Our view is that 2021 will be the bridge year from the 2020 pandemic to the beginning of the next normal in 2022. It will be a year for developing and testing new components of strategy that emerged in 2020. IMA Asia Forum members raised and discussed the 10 most pressing questions for 2021. Broadly, the 10 questions cover organisation development (1-2), leadership development (3-5), team collaboration (6-7), digital transformation (8), and supply chains (9-10). Click on ‘Deep Read’ to review the members’ responses to those questions.
1. How do we speed up and streamline decision-making?
‘Three years ago, we went through a massive transformation of our business. The main objective was to simplify the decision-making processes, which were laborious and ineffective. We thought that empowerment would be an enabler to address these issues.’
2. How should we budget and plan during volatile times?
‘Like everybody else, we have a five-year plan. But I don’t even know what’s going to happen in six months’ time because the situation is so volatile.’
3. How do we develop and empower local leaders?
‘At the beginning of the pandemic, there was a big difference in how my colleagues in Japan reacted as compared to colleagues in China or Vietnam. In Japan, they wanted to keep on going the same as before. Similarly, their customers were traditional and slow to respond.‘ Guess what? Their performance is still down.’
4. How do we create trust in management when contacts are all virtual?
‘The biggest challenge that we have are different time zones. The upside is that our group meetings have focused agendas and are efficient. The trade-off is that you miss out on ideas that often are generated around the coffee machine during breaks and over lunch. You lose out on that in return for very focused online sessions.’
5. How do we sustain empowerment once the lockdown has ended?
‘The biggest challenge for us is how to keep empowerment going. Some leaders are hungry for empowerment – they love it; unfortunately, others don’t. Moving forward, the corporate culture will need to change.’
6. How do we increase innovation when teams are geographically dispersed?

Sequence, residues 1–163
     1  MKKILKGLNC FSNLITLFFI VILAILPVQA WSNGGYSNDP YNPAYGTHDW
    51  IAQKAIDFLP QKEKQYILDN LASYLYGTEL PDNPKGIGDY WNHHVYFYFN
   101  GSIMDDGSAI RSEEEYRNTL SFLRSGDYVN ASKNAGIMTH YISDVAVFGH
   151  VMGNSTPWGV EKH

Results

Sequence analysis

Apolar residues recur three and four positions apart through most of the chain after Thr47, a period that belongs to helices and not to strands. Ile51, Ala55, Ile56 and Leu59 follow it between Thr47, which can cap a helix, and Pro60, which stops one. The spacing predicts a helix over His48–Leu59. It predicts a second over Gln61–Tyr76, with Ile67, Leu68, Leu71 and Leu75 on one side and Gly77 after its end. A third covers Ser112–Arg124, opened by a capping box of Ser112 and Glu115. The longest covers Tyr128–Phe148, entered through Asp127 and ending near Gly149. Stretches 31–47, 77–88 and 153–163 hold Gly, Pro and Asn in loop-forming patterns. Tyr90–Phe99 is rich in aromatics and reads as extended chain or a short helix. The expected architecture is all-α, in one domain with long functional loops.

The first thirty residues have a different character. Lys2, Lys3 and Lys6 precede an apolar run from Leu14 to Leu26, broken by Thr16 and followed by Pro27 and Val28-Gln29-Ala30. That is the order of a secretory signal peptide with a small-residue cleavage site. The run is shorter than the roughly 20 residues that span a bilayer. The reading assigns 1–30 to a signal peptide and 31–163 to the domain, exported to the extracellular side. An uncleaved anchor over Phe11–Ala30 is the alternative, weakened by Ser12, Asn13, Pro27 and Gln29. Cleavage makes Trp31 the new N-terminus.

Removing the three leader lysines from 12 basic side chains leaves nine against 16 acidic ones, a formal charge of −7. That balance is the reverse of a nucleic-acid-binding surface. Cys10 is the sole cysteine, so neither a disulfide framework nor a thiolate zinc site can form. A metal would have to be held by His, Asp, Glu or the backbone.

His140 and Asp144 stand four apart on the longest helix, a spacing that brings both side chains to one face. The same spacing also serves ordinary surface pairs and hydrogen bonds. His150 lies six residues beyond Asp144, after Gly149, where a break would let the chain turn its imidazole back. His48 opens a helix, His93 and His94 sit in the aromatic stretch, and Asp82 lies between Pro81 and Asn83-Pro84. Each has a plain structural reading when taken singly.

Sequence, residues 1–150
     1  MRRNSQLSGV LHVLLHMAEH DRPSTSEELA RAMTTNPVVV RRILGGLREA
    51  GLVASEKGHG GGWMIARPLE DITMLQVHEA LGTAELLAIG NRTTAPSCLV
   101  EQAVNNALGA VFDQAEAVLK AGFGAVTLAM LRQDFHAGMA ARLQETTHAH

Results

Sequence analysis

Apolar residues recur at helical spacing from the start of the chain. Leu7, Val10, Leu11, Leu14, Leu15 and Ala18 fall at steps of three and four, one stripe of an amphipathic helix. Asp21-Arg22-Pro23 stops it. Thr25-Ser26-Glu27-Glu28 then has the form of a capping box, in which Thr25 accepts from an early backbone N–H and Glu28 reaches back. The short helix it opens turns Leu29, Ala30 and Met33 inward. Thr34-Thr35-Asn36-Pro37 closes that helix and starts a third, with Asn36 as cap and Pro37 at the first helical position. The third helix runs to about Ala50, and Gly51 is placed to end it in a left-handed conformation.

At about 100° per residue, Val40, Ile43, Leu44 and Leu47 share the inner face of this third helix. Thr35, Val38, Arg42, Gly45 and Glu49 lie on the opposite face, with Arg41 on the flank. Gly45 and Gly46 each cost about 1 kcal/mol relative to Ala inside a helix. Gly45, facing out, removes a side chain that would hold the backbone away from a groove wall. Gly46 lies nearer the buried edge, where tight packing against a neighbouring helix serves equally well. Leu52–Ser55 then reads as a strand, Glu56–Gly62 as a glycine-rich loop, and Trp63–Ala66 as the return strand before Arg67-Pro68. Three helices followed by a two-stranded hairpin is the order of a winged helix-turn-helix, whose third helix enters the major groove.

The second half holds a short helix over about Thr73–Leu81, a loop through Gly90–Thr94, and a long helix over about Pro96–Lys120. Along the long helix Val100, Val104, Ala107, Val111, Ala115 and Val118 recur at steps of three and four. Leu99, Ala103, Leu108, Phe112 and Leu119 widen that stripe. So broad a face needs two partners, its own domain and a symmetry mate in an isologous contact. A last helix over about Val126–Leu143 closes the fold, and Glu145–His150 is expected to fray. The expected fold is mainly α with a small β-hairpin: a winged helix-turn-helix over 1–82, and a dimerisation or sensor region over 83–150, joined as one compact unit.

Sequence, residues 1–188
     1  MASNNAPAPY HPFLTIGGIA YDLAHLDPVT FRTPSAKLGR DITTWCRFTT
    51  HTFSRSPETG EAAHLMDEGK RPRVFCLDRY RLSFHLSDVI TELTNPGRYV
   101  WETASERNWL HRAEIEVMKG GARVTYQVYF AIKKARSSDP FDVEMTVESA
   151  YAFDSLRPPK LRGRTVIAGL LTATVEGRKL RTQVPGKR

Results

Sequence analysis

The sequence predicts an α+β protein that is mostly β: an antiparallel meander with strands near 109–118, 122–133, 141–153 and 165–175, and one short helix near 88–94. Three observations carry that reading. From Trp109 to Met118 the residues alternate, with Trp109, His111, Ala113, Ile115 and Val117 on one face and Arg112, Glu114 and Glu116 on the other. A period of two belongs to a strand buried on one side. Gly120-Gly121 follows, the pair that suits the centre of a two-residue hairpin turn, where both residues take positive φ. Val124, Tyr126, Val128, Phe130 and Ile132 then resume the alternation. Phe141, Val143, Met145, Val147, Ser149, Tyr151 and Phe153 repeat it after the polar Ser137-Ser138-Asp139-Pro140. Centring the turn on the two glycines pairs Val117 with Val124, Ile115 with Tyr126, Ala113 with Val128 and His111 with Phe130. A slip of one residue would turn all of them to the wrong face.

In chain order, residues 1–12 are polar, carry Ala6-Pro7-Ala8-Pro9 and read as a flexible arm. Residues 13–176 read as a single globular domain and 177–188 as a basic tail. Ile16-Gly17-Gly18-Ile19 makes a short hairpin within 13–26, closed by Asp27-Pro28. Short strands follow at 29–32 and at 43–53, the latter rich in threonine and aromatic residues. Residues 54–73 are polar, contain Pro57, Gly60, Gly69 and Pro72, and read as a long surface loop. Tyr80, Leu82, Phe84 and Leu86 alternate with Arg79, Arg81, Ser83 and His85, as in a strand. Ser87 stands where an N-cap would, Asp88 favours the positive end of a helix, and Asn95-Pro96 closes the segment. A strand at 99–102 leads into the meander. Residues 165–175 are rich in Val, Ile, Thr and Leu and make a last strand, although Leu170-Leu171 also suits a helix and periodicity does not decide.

‘One of our businesses was facing heavy challenges and had not been innovating fast enough. We were not advancing our R&D pipeline and for two years in a row, we had not released any new products. Now, with the pandemic, because we were late, we took a pretty big hit. We needed to do something since the business just was not working.’
7. How do we improve the effectiveness of virtual collaboration?
‘It’s hard to get teamwork collaboration if you can’t combine it with a kick-off discussion or a kick-off, face-to-face meeting where you normally get an exchange of ideas that opens up the discussion. A lot of people will come to zoom calls and turn off their cameras; you don’t know whether they’re really paying attention or how engaged they are in a process.’
8. How do we digitally transform our organisation?
‘If I look at organizations across Asia Pacific, I find that a lot of them are underprepared for digitisation. People are moving in multiple directions but have not yet reached any of their digital objectives. Most companies are moving towards the cloud but are not there yet. This is the first and foremost thing that must be done.’
9. How do we deal with potential supply chain disruptions?
‘There is a push for localization of the whole value chain as a way to react against the new global order. Most of the transactions that we are doing are trying to ensure that global companies have a truly independent supply chain in China. This push is much deeper than in the past.’
10. How do we reduce the risk of sanctions against foreign companies?
‘Being perceived as Chinese is not just about having local equity or a factory in China. It’s about IP. They want you to come to China, but they want you to develop your technology and register your patents in China. Being considered Chinese is connected not just to capital investment, but also the registration of IP.’